Bike Pittsburgh proposes street closures to give people space while enjoying the outdoors | News | Pittsburgh | Pittsburgh City Paper

Bike Pittsburgh proposes street closures to give people space while enjoying the outdoors

click to enlarge A skateboarder on a mostly empty Grant Street in Downtown Pittsburgh on Sun., March 15 - CP PHOTO: JARED WICKERHAM
CP photo: Jared Wickerham
A skateboarder on a mostly empty Grant Street in Downtown Pittsburgh on Sun., March 15
Yesterday, Gov. Tom Wolf issued a stay-at-home order for residents of Allegheny County in the hope of curbing the spread of coronavirus. Wolf said people in Allegheny County should only leave their homes for life-sustaining reasons, and specially mentioned buying food, groceries, and pharmaceuticals.

County residents are still allowed to leave for outdoor recreation, as long as they maintain proper six-foot social distancing from others outside. But with many people out of work and places to visit closed down, these orders have led many in other parts of the country to gather in large numbers on sidewalks, trails, and bike paths. It’s pretty hard to practice social distancing on a hiking trail clogged with hundreds of people.

Bike Pittsburgh has come up with a new initiative designed to remind folks to keep their distance from others while enjoying the outdoors, and it involves taking space that was normally designated for cars, and repurposing it for joggers, cyclists, walkers, skateboarders, and others.


The bike-and-pedestrian advocacy nonprofit has proposed Social Distance Fitness Zones throughout the city. These recreational areas would be made up of “streets that can be easily closed to cars, allowing more residents and their kids to go outside for a run, walk or roll while making it easy to maintain the required 6-feet of distance from other people,” according to the press release.
Bike Pittsburgh said that these zones also have the added benefit of allowing people to exercise outside without worrying about fast-moving cars and providing enough space to keep far enough away from others.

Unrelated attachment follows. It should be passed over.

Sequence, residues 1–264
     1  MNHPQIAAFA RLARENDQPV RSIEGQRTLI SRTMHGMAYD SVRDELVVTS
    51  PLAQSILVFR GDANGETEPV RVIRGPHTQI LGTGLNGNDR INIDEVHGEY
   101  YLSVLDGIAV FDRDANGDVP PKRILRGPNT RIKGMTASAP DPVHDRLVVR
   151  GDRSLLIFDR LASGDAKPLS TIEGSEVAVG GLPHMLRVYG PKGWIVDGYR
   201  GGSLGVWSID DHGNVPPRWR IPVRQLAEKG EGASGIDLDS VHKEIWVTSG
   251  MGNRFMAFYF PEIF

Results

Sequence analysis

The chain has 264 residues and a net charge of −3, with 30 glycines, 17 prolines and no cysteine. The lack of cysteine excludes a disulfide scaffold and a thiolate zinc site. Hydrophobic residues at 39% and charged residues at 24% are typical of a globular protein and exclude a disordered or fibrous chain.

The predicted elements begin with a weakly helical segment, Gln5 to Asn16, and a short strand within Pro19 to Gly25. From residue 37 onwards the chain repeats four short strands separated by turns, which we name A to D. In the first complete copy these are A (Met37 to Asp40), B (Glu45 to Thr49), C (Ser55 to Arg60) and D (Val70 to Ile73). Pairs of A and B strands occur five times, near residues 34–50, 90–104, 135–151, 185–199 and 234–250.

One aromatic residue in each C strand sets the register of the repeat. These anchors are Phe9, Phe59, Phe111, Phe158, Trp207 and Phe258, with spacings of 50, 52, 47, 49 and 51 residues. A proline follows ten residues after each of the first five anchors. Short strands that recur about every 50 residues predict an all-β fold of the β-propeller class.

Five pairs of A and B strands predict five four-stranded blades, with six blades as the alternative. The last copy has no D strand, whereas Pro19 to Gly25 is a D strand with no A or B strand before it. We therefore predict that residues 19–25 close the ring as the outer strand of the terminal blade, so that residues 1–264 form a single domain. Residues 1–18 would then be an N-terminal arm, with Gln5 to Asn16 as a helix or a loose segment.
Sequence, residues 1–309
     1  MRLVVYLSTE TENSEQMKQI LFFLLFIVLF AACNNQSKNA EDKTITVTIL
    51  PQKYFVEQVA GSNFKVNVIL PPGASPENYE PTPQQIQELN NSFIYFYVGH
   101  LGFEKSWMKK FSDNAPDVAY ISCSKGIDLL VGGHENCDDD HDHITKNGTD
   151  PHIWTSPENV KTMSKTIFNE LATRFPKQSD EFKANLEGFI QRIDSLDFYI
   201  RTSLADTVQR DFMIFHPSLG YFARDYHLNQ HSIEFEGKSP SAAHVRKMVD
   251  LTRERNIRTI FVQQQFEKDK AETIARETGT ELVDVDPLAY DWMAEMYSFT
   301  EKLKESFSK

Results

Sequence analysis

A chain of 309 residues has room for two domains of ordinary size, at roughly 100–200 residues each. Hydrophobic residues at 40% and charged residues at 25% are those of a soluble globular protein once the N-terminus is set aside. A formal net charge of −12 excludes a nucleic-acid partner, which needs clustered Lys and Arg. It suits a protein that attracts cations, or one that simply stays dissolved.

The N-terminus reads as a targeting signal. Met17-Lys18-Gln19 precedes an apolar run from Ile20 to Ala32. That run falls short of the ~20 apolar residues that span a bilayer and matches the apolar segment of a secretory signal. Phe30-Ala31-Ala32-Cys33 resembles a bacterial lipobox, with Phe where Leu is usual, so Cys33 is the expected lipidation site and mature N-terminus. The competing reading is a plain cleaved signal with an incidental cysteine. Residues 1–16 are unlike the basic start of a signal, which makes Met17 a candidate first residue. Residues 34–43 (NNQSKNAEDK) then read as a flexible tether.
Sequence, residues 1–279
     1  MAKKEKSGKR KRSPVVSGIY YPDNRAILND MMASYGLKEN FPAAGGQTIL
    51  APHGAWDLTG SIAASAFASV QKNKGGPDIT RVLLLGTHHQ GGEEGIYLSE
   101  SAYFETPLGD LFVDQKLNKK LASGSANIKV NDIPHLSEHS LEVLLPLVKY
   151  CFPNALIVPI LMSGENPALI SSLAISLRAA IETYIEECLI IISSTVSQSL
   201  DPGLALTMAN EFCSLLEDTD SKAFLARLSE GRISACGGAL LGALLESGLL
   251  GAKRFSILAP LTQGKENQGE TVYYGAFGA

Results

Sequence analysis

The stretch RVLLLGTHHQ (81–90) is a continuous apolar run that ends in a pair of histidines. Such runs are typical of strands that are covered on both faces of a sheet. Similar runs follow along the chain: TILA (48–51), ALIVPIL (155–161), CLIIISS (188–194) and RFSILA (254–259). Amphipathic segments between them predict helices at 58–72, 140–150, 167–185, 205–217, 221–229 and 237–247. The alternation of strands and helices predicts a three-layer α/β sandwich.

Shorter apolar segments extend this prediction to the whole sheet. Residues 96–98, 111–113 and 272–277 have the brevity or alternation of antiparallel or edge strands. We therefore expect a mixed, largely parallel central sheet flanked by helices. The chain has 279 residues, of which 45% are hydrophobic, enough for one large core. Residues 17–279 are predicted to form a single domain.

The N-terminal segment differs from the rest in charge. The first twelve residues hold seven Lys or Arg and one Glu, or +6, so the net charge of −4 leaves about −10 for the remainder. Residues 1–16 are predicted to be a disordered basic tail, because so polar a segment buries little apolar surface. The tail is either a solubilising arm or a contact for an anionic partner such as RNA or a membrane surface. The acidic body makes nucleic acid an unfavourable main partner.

Current proposed zones include “several city park roads, such as Highland Park, Riverview Park and Schenley Park.”

“We are still allowed (and even encouraged) to bike and walk as long as we follow strict ‘social distancing’ of at least six-feet between other people,” the website said. “Daily exercise is an important way to remain healthy and boost immunity.”

The concept of closing down streets has seen success in Pittsburgh already. Three times a year, Bike Pittsburgh hosts the Open Streets festival which attracts thousands of visitors.


Without social distancing, one infected person will on-average pass the virus to 2.5 people within five days, according to Statista. After 30 days, the figure would rise to 406 new infections. The number can be significantly reduced if folks maintain their bubble of personal space. But following the closure of bars, restaurants, gyms, shopping malls, and other outlets that typically draw people out, Pittsburgh’s parks, trails, and other outdoor facilities have become more popular by the day.

The Pittsburgh Parks Conservancy (PPC), which manages many Pittsburgh parks, also is encouraging people in the city to maintain social distancing while enjoying the parks. The city has closed city playgrounds due to the coronavirus outbreak.

“As the weather warms up and people act on their natural desire to be outdoors as a way of coping with this crisis, more and more Pittsburghers are finding the comfort and escape they need in our city parks,” says PPC president Jayne Miller. “To ensure that they remain open and safe for all, it is crucial for every visitor, even those who consider themselves completely healthy, to maintain safe physical distance from other park users while spending time in our parks, on our trails, in open spaces, and in nature.”

With warmer weather on the radar, some cities have already begun closing roads to cars and opening them up to people, including Martin Luther King Boulevard in Philadelphia. Bike Pittsburgh proposes that this method would encourage people to get out and exercise without compromising social distancing policies. The group is also suggesting that Allegheny County Parks consider similar measures of closing down some roads to allow more space for social distancing.

“If last weekend is any indication, the County Parks should also consider this move with the influx of people attempting exercise within limited and constrained spaces,” the Bike Pittsburgh website said. “So how about it, can we get some Social Distance Fitness Zones ready before the spring weather brings everyone out?”

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